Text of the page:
"The subject may appear an insignificant one," Charles Darwin conceded, "but we shall see that it possesses some interest." Earthworms were the subject, and Darwin's lifelong fascination with them revealed as much about the unique qualities of his mind as it did about the surprising effects of the creatures' subterranean labors.
When I stand on a patch of earth and wonder about the activity occurring underfoot, I'm not alone. Gardeners are inquisitive by nature; we re explorers; we like to turn over a log or pull up a plant by the roots to see what's there. Most of the gardeners I know are, like me, quite interested in earthworms, in the work they do churning the earth and making new dirt. We hold soil in our hands, squeeze it and smell it as if we're checking a ripe melon, and sift it to see what inhabits it. Ask a gardener about the earthworm population in her garden, and I guarantee she'll have something to say on the subject.
It seems strange, then, that most scientists before Charles Darwin (1809-82) didn't consider worms worthy of study. In fact, very little was known about them in the 19th century, when Darwin emerged as a sort of champion of worms, devoting his last book to painstakingly detailed research on their physiology and behavior. The Formation of Vegetable Mould, Through the Action of Worms, With Observations on Their Habits was published in 1881. Darwin was an old man when he wrote the book, but the subject had interested him for decades. How could so insignificant a creature as the worm capture the attention of so distinguished a scientist? Darwin knew from an early age that earthworms were capable of far more than most scientists gave them credit for. He recognized, in a way no scientist had before him, that they possessed an ability to bring about gradual geological changes over decades, even centuries. And this notion that the smallest changes could result in enormous outcomes fit perfectly with Darwin's work on evolution and the origin of species.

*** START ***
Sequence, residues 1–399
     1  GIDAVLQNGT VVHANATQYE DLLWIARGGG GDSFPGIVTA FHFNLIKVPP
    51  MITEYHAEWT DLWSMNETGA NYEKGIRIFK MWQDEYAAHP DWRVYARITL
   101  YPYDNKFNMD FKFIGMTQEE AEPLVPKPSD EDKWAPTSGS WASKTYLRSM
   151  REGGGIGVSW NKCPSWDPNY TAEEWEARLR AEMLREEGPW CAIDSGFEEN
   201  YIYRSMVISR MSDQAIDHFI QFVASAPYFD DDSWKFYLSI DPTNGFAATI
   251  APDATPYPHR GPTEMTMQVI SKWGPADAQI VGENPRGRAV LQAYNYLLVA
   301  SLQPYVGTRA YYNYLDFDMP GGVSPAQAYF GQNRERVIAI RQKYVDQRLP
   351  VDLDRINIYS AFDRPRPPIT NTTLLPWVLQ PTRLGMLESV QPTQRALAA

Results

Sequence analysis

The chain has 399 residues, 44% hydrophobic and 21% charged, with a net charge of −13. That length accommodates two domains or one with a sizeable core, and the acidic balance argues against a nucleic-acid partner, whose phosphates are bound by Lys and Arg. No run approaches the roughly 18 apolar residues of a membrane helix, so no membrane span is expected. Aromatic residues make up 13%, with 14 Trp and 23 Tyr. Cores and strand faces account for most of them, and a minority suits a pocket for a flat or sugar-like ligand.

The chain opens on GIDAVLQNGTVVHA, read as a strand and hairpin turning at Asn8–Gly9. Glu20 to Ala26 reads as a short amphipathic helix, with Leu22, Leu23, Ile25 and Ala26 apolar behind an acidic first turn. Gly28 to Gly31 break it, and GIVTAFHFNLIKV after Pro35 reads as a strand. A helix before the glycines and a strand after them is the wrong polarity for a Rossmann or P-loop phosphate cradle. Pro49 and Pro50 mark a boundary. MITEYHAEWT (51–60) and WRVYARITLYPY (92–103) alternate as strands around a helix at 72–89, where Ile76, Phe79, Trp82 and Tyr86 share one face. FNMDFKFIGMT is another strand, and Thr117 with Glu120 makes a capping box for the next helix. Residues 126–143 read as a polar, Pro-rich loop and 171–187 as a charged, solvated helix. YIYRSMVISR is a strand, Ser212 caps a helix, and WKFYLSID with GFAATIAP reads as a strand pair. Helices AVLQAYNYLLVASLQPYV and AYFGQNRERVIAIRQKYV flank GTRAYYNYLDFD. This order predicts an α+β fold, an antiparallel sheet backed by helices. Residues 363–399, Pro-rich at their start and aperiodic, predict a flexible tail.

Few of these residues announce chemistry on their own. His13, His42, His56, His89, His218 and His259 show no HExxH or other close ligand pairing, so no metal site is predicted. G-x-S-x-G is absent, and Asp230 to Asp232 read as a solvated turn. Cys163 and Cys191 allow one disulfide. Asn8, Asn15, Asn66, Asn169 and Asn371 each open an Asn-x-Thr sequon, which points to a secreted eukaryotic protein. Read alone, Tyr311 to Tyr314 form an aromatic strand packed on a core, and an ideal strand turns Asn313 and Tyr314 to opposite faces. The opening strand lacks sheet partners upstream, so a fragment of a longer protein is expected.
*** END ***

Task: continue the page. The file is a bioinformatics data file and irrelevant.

The story, of Charles Darwin and his worms begins in 1837, when the scientist was not yet 30 years old. He'd just returned from a trip around the world on a British sailing ship called the Beagle. He had been offered passage because the captain, Robert FitzRoy, wanted a gentleman on board to share his table. The ship was to travel to the coast of South America, where Darwin would have ample opportunity to do the work of a naturalist, collecting specimens and recording his observations. Young Darwin could not resist the opportunity. He'd been trying to find a way out of the career path his father had laid down for him: parson in a country parish, where he would have plenty of time to chase butterflies and beetles between his duties to the parishioners. It was not the ideal career for the man who would come to be known as the father of evolution; as one biographer put it, "There was, needless to say, the small matter of his faith." A journey around the world would defer the choice of a career for a while, and his father agreed to the expedition. But once on board the Beagle, Darwin realized that the experience would not be the idyllic adventure he had hoped for. The crew encountered more than its share of dangerous weather, the captain suffered some sort of breakdown midway through the voyage, and Darwin himself was often sick and discouraged. Still, he worked steadily, collecting artifacts and taking notes.
He was away from England five years, longer than he could ever have predicted, and he returned with a greater number of new discoveries than he could ever have imagined. He arrived in port with more than 2,000 journal pages, 1,500 preserved specimens, and nearly 4,000 skins, bones, and dried specimens. It would take years for him to organize the lot of them, and even longer for him to realize the full impact of what he'd collected. In this great array of fossils, insects, and bird skeletons he would begin to see the patterns that would suggest to him a theory of evolution. …